So, Kathryn asks, “what’s for dinner Granny?” Me wife says, Cod Fish. Kathryn asks why do we put fish after the Cod? “Well, it could be Cod Cakes I say”. We also put fish after, Cat, I mean, would you ask someone to come to your house for cat? We put the fish after Tuna, Sword and Gefilte, don’t we? This led me to realize we put Brazilian & Sea prior to Bass. Should you be eating Drum, it’s color coded, Black or Red? Eldest daughter comes out with some strange thought provoking stuff now and then. Do I have you thinking? Are these prefix and suffix foods?
Tomorrow morning I’m having Bacon Pig with my eggs for breakfast, chicken eggs of course. What are you having for dinner tonight? Are these prefix and suffix foods I ask?
As long as we have the La carte de vins the girls will be happy, bon appétit.
4 cod filets, about 1-inch thick
Freshly ground black pepper
4 tbsp. extra-virgin olive oil, plus more for baking dish
1 c. cherry tomatoes
1 lemon, sliced, plus more for garnish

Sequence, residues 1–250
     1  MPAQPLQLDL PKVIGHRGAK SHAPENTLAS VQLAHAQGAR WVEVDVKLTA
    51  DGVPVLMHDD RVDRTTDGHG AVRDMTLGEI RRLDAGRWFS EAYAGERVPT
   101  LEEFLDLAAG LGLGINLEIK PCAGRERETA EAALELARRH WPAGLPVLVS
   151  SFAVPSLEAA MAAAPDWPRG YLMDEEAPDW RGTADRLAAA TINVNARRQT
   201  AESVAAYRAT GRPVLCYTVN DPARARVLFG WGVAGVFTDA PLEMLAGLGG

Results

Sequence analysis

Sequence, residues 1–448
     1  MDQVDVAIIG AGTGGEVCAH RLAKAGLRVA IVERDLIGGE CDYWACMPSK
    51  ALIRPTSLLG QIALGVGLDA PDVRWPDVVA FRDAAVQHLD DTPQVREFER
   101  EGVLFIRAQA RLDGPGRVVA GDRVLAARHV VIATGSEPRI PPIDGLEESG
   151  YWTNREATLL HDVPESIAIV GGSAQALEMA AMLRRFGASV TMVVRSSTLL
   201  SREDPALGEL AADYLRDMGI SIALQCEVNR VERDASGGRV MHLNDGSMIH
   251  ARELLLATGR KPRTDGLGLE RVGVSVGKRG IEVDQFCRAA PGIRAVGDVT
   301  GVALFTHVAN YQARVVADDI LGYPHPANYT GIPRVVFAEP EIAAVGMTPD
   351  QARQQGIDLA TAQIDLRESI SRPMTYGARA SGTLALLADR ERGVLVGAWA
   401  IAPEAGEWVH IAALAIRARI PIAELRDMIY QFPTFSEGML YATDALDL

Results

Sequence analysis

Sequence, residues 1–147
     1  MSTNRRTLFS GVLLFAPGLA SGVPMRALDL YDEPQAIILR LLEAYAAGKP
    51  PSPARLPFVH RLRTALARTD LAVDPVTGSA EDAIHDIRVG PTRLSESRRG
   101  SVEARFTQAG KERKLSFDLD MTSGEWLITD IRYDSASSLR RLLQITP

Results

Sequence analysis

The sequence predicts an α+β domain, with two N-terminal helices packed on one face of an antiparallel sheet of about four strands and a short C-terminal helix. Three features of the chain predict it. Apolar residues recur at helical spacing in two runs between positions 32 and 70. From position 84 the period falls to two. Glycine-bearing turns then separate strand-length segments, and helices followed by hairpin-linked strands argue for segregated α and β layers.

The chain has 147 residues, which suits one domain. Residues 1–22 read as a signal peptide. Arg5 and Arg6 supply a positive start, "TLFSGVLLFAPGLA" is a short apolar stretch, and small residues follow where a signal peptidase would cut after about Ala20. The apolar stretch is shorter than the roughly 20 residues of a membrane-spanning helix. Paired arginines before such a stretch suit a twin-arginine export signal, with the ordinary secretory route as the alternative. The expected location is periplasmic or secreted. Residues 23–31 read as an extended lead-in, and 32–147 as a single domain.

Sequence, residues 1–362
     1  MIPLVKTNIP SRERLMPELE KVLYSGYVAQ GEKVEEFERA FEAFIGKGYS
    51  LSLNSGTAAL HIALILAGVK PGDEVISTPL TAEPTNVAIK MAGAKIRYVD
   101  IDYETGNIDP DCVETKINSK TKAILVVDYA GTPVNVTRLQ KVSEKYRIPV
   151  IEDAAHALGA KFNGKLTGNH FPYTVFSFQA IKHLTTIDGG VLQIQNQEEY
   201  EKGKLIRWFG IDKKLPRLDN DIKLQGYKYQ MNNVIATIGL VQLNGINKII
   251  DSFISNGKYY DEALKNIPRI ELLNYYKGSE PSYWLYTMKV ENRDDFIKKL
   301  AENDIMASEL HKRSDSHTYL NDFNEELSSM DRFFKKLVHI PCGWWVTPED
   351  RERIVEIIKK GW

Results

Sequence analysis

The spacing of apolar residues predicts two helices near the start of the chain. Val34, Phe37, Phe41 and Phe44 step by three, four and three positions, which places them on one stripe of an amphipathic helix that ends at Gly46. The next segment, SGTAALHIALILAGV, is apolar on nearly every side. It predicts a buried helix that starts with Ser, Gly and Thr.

2 garlic cloves, smashed but not peeled
2 sprigs thyme
2 tbsp. freshly chopped parsley, for garnish
Preheat the oven to 400° and pat cod filets with a paper towel until dry. Season all over with salt and pepper.
In a medium bowl, combine olive oil, cherry tomatoes, lemon slices, garlic, and thyme.
Brush a baking dish with olive oil. Pour tomato-oil mixture into dish, then nestle in cod.
Bake until fish is opaque and flakes easily with a fork, about 15 minutes.
Serve garnished with parsley, more lemon juice, and pan sauce.
Yesterday Jeff & Kathryn invited us to join them at Ruth’s Chris Stak House for dinner, with family and a few friends, we would celebrate Abby’s Birthday. If you’ve never been to one of these dining venues, you must try it once. Mary Agnes and I would each have a steak of different description. Fabulous sides complemented a meal over several hours of great conversation to celebrate the growth of a fine young lady.